Deputy Mayor Robert Zimmerman urged everyone to keep up with their health to prevent, and address, issues quickly.
By KRYSTAL NURSE
Two proclamations were issued at the township’s committee meeting on Feb. 4 commemorating American Heart Month and honoring a police officer for her dedication to the job and community.
Deputy Mayor Robert Zimmerman presented the proclamation on American Heart Month and prefaced it by stating it’s personal for him because he received surgery for the “widow maker,” a blockage in the left anterior descending artery, a main artery that delivers blood to the heart, nearly seven years ago after a physical at the Pitman Police Department.
“I’ve been fortunate enough to survive and have a little bit of a platform here as deputy mayor, and I’d like to be able to put my story out there in hopes that it will help other people take measures to prevent what I went through and maybe save their lives,” said Zimmerman.
He also introduced Tom and Courtney Turk to the committee, as he looked to have a Mantua resident who was affected by a heart condition speak during the meeting. Tom had a blockage in his right coronary artery last spring at 40 years old, and underwent surgery in under 48 hours of developing symptoms.
“There is no age limit to it, and it’s something that I don’t want to have to experience again,” said Tom. “Nobody else does. The only thing I could tell you is listen to your body, and if you’re uncertain about something, get it checked out because it’s why I’m here today.”
Courtney, Tom’s wife, was one of Zimmerman’s health-care providers when he was recovering, and she spoke briefly reinforcing Tom’s statement on people to listen to their bodies and their doctors.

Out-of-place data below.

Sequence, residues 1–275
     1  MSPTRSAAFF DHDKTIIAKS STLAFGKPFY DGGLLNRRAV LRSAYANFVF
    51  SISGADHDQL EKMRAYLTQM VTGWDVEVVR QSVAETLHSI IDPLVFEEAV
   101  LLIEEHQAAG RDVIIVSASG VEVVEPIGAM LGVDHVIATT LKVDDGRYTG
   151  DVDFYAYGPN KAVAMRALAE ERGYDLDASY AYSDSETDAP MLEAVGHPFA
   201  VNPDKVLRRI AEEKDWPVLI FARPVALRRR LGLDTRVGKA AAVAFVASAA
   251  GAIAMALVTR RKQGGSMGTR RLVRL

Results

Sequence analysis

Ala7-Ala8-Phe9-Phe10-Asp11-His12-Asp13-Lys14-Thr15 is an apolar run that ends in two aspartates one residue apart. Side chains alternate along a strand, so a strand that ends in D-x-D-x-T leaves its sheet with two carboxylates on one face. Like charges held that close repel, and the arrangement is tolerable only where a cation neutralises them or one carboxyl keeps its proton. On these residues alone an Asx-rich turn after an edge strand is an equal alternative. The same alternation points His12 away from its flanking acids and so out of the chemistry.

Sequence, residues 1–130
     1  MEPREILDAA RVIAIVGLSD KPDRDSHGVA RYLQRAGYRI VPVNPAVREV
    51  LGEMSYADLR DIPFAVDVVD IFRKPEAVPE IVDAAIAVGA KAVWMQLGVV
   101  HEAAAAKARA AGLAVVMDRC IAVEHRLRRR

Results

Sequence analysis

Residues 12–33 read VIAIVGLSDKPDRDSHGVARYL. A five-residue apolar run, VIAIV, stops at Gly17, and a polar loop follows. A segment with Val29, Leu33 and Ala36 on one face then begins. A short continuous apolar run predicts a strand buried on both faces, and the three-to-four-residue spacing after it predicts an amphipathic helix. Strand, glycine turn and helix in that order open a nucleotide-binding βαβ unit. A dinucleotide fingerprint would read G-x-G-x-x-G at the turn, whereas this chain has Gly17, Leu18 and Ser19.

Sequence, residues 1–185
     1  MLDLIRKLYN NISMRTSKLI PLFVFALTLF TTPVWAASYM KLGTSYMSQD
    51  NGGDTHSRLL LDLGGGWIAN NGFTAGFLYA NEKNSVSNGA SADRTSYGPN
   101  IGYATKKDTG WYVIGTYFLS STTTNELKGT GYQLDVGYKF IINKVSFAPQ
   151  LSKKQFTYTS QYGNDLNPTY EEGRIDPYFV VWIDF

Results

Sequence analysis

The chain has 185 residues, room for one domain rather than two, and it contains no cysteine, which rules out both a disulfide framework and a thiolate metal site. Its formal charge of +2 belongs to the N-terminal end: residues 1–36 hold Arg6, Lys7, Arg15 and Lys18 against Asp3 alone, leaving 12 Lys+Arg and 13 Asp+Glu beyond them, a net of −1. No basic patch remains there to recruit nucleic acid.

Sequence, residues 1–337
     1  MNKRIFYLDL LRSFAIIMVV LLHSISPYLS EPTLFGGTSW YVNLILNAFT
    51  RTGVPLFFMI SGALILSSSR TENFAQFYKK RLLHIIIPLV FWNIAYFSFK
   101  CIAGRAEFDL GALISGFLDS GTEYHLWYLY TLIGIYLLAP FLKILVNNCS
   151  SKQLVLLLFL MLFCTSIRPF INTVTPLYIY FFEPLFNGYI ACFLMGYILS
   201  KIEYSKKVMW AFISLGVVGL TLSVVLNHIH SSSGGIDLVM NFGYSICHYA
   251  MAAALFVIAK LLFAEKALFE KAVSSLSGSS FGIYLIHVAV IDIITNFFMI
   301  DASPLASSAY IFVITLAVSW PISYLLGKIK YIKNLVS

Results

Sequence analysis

Shortly thereafter, Patrolwoman Krista Shields was presented a proclamation by Mayor Pete Scirrotto and a plaque by Chief Darren White for being named Officer of the Year by her fellow officers. Shields is the first woman to receive the honor and is the department’s only female officer, according to Scirrotto and the township website.
“I’ve been here for seven years and I’ve been in this town and love this town,” said Shields. “I appreciate the support of everybody and I look forward to the next seven years.“
Scirrotto remarked how Shields keeps a balance of both empathy and the demands of her job when dealing with situations and is well-versed in the community.
In other news:
- The repaving and striping of Tylers Mill Road has been completed, and Mantua Creek is cleaned up from a December oil spill following a motor vehicle accident on Route 55.
- Public Works Supervisor Steve Alexander gave a presentation on what the department has accomplished, which included cleaning up the garage, sprucing up the department’s front office, creating a new command center as well as showcasing days where employees relaxed with holiday work events.
- The police department is in the process of hiring chaplains who will provide comfort to both the department and the public, and assist in community policing.
- K-9 Boomer has finished the police academy and is back on the streets with his handler, Patrolman Bill Donovan, to which White remarked, “Boomer’s awesome, he’s just a dopey puppy who can now sniff out explosives.”
- White provided the department’s stats on the state’s holiday “Drive Sober or Get Pulled Over” campaign: 447 stopped vehicles, one DWI ticket, 14 seat-belt tickets, three child restraint tickets, 10 careless driving tickets, 21 fugitives apprehended, 16 suspended license tickets written, eight speeding tickets, four reckless driving tickets, 10 drug arrests and 158 tickets for other moving and non-moving violations.
- Township Administrator Jennica Bileci said township calendars should hit mailboxes shortly, and she hopes to get 2020’s out sometime in December.
The next township meeting is scheduled to occur on March 4 at 6 p.m. at the Municipal Building.